Graduate Center for Social and Public Policy
McAnulty College and Graduate School of Liberal Arts
Charles F. Hanna
education, prisons, recidivism, social learning theory
This study utilizes logistic regression techniques to investigate the effect of prison education program participation on recidivism rates. I tested the hypothesis that inmates who actively participate in educational programs have a lower likelihood of being reconvicted. The purpose of this study is to help identify correctional programs that have a positive impact on recidivism, to then suggest policies that are directed at rehabilitating inmates and, ultimately, to reduce recidivism rates.
I used pre-existing data from reputable sources so I did not have to survey inmates. The initial tests found that there were several variables that had a relationship with recidivism. The logistic regression test showed that inmates who participate in prison educational programs are less likely to be reconvicted upon release from prisons than those who participate in both educational courses and vocational training.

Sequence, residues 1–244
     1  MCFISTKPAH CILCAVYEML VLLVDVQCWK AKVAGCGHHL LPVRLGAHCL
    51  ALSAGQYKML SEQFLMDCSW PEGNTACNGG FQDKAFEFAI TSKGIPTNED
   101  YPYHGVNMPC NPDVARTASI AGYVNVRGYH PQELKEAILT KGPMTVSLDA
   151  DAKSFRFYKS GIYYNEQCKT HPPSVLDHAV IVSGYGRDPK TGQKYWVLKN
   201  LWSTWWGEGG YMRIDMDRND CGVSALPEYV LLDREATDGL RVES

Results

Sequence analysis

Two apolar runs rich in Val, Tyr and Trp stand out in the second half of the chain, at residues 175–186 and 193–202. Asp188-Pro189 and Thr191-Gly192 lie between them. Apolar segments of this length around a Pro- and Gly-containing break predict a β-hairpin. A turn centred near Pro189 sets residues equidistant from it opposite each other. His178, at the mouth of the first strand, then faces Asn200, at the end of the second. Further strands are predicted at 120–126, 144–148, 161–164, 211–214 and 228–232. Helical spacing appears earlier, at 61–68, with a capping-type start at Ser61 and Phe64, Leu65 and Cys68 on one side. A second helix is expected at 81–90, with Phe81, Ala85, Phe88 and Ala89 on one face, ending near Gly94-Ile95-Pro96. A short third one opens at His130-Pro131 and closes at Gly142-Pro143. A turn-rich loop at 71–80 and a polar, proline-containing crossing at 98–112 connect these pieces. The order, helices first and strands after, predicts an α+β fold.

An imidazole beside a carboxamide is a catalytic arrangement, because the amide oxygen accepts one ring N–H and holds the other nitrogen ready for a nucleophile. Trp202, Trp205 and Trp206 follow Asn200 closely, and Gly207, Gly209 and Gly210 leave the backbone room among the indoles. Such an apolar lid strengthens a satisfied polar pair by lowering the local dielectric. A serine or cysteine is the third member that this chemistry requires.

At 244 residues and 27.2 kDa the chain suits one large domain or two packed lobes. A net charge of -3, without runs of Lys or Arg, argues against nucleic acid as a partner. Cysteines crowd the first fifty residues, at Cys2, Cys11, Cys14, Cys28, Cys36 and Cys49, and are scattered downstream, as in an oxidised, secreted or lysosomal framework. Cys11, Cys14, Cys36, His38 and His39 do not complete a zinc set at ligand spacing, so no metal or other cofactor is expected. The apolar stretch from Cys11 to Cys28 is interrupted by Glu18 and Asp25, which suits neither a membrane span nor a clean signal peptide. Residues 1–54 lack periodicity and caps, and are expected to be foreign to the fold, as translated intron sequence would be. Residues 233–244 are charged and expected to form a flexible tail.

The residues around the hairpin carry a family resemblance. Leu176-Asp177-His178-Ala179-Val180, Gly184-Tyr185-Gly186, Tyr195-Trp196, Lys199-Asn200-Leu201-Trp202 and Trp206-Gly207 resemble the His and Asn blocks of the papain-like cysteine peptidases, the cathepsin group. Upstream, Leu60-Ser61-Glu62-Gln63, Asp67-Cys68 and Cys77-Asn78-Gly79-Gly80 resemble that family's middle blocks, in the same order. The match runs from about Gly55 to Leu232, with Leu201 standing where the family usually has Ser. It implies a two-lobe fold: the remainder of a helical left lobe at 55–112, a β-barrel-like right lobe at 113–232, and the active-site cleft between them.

Recommendations that result from this finding include an increase in the number and quality of educational programs in prisons. One hopes that these recommendations will help decrease the number of people who violate the law upon their re-entry into society.
Ismailova, Z. (2007). Prison Education Program Participation and Recidivism (Master's thesis, Duquesne University). Retrieved from https://dsc.duq.edu/etd/685